BoJo’s Ex-Ethics Adviser Says Steel Issue a 'Distraction', Clarifies 'True Reason' For Quitting
07:46 GMT 18.06.2022 (Updated: 15:19 GMT 28.05.2023)
© Jack HillBritain's Princess Kate The Duchess of Cambridge is met in the rain by King's College Chairman Sir Christopher Geidt
© Jack Hill
UK Prime Minister Boris Johnson's adviser on public standards, Christopher, Lord Geidt, quit over a plan by No 10 to "breach the ministerial code deliberately" which put him in an "impossible and odious" position, as was revealed by his resignation letter published by Downing Street on 16 June.
Boris Johnson’s former ethics adviser, Christopher, Lord Geidt, has offered “clarifications” about the reasons for his dramatic decision to quit, saying it “wasn’t about steel”.
In his letter today to William Wragg, chairman of the Commons Public Administration and Constitutional Affairs Committee, as cited by UK media outlets, Geidt claimed that Downing Street’s explanation for his resignation was a “distraction” from the actual truth.
16 June 2022, 06:53 GMT
In a letter to Prime Minister Boris Johnson explaining his decision to step down, released by Downing Street on Thursday, Geidt said he had been placed in an “odious and impossible” position when he had been "tasked to offer a view about the government's intention to consider measures which risk a deliberate and purposeful breach of the Ministerial Code".
"A deliberate breach, or even an intention to do so, would be to suspend the provisions of the code to suit a political end… I can have no part in this," stated Geidt's letter, which omitted any details of the plan in question.
However, Boris Johnson's written reply to Geidt suggested that the falling out was to do with the Trade Remedies Authority (TRA). Specifically, Johnson wrote back to Geidt stressing that he sought his advice "on a crucial industry, which is protected in other European countries and would suffer material harm if we do not continue to apply such tariffs". The PM said the tariffs would be in line with UK law but might face the accusation of breaking the country's World Trade Organisation obligations.
According to British political blogger Guido Fawkes, the trade issue may have been steel import tariffs, which the government has maintained against TRA advice in 2021.
Elsewhere in the letter, Geidt had also indicated his "frustration" that Johnson had yet to provide a “fuller” explanation amid accusations he misled Parliament over “partygate”. The PM had on several occasions said he did not believe he, cabinet members or staff broke any of the coronavirus lockdown restrictions in 2020-21.
In her report into workplace drinking in and around Downing Street at the time, senior civil servant Sue Gray criticised a "failure of leadership" at Number 10 that prompted the behaviour. Johnson is at present facing a Commons Privileges Committee inquiry into whether he lied to parliament over “partygate”.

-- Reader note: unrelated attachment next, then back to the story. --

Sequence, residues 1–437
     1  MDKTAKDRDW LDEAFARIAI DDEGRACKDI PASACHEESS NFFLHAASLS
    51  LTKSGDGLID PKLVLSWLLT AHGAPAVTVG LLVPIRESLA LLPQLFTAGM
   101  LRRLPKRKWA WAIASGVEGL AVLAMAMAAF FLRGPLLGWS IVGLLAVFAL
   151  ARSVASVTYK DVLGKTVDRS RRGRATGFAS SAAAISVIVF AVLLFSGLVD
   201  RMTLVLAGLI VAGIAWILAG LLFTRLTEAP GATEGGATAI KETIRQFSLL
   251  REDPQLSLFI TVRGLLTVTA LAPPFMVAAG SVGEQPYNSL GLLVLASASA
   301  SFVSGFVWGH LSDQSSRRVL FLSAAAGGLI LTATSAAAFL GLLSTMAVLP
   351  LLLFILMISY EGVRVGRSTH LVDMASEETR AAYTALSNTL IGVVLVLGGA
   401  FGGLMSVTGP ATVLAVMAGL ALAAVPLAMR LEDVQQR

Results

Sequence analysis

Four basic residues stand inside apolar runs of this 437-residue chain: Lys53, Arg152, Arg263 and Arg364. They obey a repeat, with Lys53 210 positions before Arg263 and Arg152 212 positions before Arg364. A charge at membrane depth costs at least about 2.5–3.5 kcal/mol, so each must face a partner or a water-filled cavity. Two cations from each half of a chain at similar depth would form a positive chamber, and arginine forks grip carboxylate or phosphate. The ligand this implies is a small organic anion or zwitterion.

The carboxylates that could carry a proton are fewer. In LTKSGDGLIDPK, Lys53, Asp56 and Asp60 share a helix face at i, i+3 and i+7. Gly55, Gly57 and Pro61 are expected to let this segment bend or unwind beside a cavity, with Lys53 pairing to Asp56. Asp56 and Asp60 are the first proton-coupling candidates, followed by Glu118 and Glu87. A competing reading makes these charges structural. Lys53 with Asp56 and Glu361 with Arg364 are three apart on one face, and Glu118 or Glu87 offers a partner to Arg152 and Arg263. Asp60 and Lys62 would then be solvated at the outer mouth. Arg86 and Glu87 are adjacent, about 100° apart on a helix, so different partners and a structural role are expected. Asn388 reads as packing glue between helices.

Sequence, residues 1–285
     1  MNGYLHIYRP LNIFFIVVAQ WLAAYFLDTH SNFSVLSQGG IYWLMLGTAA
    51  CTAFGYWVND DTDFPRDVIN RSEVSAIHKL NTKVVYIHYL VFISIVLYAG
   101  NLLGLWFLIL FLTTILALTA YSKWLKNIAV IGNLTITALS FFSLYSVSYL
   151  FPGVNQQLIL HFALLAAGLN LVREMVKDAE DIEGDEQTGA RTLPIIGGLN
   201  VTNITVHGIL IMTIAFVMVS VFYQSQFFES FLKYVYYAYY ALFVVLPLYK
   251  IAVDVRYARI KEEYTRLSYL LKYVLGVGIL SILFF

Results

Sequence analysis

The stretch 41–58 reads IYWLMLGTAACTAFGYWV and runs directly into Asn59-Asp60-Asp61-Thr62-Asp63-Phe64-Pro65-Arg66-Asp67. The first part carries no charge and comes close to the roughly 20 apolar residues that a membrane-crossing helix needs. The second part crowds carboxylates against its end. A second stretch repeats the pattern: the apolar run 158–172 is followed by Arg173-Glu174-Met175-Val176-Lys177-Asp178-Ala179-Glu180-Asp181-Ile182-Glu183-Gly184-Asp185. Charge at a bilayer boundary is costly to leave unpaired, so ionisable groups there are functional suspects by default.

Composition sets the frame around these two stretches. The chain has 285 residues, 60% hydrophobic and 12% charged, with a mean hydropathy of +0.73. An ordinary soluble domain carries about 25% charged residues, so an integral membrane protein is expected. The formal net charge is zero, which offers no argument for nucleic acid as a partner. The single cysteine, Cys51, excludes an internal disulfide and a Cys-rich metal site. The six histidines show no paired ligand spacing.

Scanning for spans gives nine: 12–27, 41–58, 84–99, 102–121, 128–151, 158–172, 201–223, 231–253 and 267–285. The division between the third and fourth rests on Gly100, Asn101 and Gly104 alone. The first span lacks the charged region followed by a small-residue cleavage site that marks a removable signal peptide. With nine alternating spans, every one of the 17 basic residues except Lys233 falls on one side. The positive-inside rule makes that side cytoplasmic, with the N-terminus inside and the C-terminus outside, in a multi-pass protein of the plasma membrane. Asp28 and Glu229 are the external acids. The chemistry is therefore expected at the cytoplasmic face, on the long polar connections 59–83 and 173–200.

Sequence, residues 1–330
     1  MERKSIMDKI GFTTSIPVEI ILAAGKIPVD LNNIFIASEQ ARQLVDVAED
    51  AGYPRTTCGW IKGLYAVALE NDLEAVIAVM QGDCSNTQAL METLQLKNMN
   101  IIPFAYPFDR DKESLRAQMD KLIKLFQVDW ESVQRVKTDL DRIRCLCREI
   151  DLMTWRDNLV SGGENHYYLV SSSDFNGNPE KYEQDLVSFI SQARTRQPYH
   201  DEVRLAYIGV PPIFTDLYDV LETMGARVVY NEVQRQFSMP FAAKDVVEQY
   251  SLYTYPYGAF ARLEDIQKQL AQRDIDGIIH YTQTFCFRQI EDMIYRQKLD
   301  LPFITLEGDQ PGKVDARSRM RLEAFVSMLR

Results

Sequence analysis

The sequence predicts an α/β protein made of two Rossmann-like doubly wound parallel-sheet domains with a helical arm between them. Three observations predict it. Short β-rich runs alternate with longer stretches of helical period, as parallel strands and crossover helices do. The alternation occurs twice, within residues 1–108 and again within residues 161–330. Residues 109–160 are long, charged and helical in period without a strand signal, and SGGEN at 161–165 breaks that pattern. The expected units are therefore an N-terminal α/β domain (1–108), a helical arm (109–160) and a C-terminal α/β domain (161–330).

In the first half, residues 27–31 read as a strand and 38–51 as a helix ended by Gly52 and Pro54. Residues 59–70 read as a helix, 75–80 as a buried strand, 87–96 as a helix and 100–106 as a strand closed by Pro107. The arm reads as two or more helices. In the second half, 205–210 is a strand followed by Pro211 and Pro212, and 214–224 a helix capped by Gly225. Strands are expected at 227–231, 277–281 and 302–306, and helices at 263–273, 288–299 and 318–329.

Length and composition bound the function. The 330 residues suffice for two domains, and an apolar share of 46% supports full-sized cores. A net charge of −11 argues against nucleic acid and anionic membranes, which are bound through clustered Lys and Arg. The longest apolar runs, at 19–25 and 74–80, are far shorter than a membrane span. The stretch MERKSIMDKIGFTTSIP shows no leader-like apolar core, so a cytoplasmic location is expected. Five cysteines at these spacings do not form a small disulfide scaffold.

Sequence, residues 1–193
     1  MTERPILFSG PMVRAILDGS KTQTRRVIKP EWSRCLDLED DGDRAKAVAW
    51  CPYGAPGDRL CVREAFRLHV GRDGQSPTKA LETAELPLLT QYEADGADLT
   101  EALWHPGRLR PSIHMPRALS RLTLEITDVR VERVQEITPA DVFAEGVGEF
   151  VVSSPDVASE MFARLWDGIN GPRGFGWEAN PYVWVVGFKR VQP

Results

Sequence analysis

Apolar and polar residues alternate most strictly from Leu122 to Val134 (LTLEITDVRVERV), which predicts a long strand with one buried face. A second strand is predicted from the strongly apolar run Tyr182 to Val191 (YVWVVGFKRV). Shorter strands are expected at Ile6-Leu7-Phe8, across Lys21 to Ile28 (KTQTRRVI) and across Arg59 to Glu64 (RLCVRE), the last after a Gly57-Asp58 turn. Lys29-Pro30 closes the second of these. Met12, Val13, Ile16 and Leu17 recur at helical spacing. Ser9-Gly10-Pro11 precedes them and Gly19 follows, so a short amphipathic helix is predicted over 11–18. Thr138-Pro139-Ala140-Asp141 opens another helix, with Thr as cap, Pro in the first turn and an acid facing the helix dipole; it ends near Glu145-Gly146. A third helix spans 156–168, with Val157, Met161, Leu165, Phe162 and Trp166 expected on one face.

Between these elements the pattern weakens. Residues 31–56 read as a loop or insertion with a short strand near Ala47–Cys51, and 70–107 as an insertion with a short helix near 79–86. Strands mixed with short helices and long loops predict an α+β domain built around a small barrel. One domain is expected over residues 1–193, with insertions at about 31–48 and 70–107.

‘Steel Tariffs’ a ‘Distraction’
However, Geidt has now written that “Emphasis on the steel tariffs question is a distraction”.
“There has been some confusion about the precise cause of my decision. My letter has been interpreted to suggest that an important issue of principle was limited to some narrow and technical consideration of steel tariffs. The cautious language of my letter may have failed adequately to explain the far wider scope of my objection,” he wrote to Tory MP Wragg,
“It was simply one example of what might yet constitute deliberate breaches by the United Kingdom of its obligations under international law, given the government’s widely publicised openness to this… I could not be a party to advising on any potential law-breaking,” stated the former private secretary to the Queen.
After this explanation from Geidt, the Liberal Democrat chief whip Wendy Chamberlain was quoted as saying: “This letter confirms what we already knew. Lord Geidt quit because he was sick of being asked to cover up for Boris Johnson’s law-breaking.”
Angela Rayner, Labour’s deputy leader, said Geidt stepped down “because of the odious behaviour of Boris Johnson’s Downing Street.”
“It’s high time for Tory MPs to do the decent thing by showing this rotten, rule-breaking prime minister the door,” said Rayner.
Labour MP Karin Smyth was cited as saying that Geidt's second letter offered “helpful clarity”, but that “it isn’t steel that broke the camel’s back”.
From the “partygate” fall-out to issues such as threatening to breach international law by unilaterally overriding the Northern Ireland protocol, signed by Boris Johnson as part of his Brexit deal, the PM has been mired in controversy. Furthermore, Downing Street has launched a review of the ethics adviser's role as part of a major overhaul of the of the ministerial standards rules.
21 November 2020, 15:54 GMT
Geidt is now the second ethics adviser to quit under Johnson’s premiership. In November 2020 Alex Allen stepped down after his report that UK Home Secretary, Priti Patel, had breached the ministerial code by bullying top civil servant Sir Philip Rutnam, was dismissed by No 10.